The previous posts were accurate. I would only like to echo that the death of Thornton helps to sever the bonds between Buck and humanity. In his own mind, there had been an ongoing civil war between trust and mistrust of humans. Buck had experienced both extremes, from loving masters to those who embodied cruelty. One of the most rich elements of the novel is the idea that there is an insistent battle between good and evil, trust and mistrust, and that all creatures are the result of this equation. The elements that are placed on one side of it are balanced out by another and the result is simply the consequence of what is placed on each side. In Buck's case, the addition of Thornton's death placed more elements on the side of mistrust, which is why Buck no longer trusts humans. Yet, in the most poignant of acts, he still visits Thornton's grave to mark the presence of the last bond Buck has to humans and their world.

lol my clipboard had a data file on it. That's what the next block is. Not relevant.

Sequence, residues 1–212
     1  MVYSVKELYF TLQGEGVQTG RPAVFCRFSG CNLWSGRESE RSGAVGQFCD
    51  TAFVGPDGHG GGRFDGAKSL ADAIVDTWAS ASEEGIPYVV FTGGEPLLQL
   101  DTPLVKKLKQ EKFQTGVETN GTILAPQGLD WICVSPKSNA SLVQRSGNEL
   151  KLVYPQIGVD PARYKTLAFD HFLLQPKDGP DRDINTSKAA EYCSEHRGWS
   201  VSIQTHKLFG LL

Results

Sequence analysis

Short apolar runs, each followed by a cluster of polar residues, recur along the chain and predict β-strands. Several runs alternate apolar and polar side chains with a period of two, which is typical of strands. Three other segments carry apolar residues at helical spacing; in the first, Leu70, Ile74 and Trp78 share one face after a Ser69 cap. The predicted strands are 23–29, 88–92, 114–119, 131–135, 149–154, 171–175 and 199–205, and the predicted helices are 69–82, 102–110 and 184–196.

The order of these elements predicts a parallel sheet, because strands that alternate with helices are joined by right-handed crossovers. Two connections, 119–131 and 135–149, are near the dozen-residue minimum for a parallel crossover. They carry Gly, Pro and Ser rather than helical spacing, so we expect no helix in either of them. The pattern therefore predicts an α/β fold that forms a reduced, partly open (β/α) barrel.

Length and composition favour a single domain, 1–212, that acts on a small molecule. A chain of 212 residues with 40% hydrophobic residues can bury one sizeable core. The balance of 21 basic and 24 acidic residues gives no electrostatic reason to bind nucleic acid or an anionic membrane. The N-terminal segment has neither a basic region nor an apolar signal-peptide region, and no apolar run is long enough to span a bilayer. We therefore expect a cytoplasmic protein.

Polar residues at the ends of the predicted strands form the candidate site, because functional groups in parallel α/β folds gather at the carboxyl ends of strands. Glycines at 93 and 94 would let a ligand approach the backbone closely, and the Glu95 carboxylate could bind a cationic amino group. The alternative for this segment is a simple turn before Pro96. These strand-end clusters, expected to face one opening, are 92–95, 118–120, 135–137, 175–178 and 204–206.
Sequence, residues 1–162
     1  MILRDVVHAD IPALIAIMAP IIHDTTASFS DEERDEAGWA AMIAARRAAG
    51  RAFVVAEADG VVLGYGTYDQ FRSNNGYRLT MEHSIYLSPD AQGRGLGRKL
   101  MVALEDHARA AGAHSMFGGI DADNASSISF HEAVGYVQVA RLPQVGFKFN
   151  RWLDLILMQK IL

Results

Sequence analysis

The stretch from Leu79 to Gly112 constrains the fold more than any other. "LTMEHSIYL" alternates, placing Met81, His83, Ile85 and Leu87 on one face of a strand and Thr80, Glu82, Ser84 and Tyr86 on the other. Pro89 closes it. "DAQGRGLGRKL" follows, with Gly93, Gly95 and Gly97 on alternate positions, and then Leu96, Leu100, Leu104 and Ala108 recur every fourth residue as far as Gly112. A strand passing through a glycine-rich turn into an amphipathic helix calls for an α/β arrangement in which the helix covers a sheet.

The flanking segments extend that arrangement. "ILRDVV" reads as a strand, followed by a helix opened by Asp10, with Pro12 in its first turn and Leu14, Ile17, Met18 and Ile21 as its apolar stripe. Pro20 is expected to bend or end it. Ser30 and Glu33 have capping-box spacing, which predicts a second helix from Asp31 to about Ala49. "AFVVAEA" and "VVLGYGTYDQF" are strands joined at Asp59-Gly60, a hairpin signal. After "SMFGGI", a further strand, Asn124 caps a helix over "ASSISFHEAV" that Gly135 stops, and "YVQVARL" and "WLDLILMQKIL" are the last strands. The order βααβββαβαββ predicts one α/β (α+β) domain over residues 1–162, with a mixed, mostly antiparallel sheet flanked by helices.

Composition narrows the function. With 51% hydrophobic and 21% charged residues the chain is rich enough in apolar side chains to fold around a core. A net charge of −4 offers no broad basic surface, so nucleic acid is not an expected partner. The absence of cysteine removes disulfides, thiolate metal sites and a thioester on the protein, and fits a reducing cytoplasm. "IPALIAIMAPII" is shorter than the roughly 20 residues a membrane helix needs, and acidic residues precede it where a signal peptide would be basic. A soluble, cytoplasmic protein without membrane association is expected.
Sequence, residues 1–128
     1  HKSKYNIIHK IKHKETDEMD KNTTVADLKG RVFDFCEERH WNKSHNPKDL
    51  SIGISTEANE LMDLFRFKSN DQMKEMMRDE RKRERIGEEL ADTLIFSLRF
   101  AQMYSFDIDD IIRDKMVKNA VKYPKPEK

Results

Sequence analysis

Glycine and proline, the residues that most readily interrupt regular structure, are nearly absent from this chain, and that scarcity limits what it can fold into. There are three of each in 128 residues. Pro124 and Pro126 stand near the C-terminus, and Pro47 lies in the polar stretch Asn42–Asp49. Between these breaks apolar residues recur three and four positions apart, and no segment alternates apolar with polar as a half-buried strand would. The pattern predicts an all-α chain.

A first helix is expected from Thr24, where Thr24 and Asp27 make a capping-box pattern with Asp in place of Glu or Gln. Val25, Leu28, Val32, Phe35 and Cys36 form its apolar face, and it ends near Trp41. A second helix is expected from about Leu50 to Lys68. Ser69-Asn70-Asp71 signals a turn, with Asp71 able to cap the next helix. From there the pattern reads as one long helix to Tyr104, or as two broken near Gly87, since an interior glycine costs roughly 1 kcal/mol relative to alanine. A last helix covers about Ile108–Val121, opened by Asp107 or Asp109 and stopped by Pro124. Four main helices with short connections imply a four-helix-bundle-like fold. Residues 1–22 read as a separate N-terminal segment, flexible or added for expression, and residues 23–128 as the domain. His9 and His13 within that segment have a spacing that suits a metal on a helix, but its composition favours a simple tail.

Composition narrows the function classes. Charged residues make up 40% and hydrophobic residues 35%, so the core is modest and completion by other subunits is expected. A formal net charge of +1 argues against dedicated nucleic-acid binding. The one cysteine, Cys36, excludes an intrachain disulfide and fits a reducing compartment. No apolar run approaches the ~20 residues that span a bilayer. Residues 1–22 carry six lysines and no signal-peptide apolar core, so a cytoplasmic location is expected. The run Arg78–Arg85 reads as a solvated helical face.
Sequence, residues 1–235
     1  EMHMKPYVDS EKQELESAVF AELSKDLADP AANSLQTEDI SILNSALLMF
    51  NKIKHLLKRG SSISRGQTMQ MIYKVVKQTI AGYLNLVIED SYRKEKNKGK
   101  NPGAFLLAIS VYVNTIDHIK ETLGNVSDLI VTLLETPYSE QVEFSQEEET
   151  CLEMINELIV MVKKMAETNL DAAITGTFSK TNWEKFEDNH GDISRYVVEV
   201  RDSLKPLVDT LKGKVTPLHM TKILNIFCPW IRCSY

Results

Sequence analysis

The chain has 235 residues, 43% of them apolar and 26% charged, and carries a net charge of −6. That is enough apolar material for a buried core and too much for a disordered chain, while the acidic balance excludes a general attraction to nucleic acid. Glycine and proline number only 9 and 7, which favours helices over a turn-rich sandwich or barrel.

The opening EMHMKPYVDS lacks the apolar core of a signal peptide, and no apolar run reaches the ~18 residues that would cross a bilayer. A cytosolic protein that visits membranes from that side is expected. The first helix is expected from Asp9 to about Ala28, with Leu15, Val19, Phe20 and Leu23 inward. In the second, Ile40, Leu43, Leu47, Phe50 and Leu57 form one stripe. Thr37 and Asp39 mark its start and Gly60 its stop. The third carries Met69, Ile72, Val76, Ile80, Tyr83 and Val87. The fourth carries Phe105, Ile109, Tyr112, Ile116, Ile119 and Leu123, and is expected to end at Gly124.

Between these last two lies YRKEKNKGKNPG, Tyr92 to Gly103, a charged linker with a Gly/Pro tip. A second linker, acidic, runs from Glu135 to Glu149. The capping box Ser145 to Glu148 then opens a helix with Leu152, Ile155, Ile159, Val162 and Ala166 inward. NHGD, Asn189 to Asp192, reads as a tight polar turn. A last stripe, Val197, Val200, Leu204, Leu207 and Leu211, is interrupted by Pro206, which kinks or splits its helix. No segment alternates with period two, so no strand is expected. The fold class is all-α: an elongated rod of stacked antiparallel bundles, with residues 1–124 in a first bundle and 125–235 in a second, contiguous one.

Thornton and his partners are surprised by a group of Yeehat Indians and murdered. Buck comes upon the bodies of his master and friends and, realizing what happened, decides to track the killers. Buck surprises them, killing a number and scattering the rest. His hatred for the Indians keeps him hot on their trail, and he eventually becomes a legend to the tribe as the dog who hunts then relentlessly. The death of Thornton frees Buck at last from human control, and he is at last able to pursue the long heard call of the wild. He joins a pack of wild wolves and presumably spends the rest of his days in the Yukon free from the control of humans.
There are two major ways in which the death of John Thornton affects Buck.
First of all, it breaks the last connection that Buck had with the human world. After Thornton dies, Buck stops trying to fight against the call of the wild. Instead, he gives in and becomes the leader of the pack of wolves.
Second, it makes Buck hate the Yeehat Indians. Because of this, the tribe becomes very afraid of Buck and the pack. Buck goes down in legend as the Ghost Dog because of the way he terrorizes the Yeehats.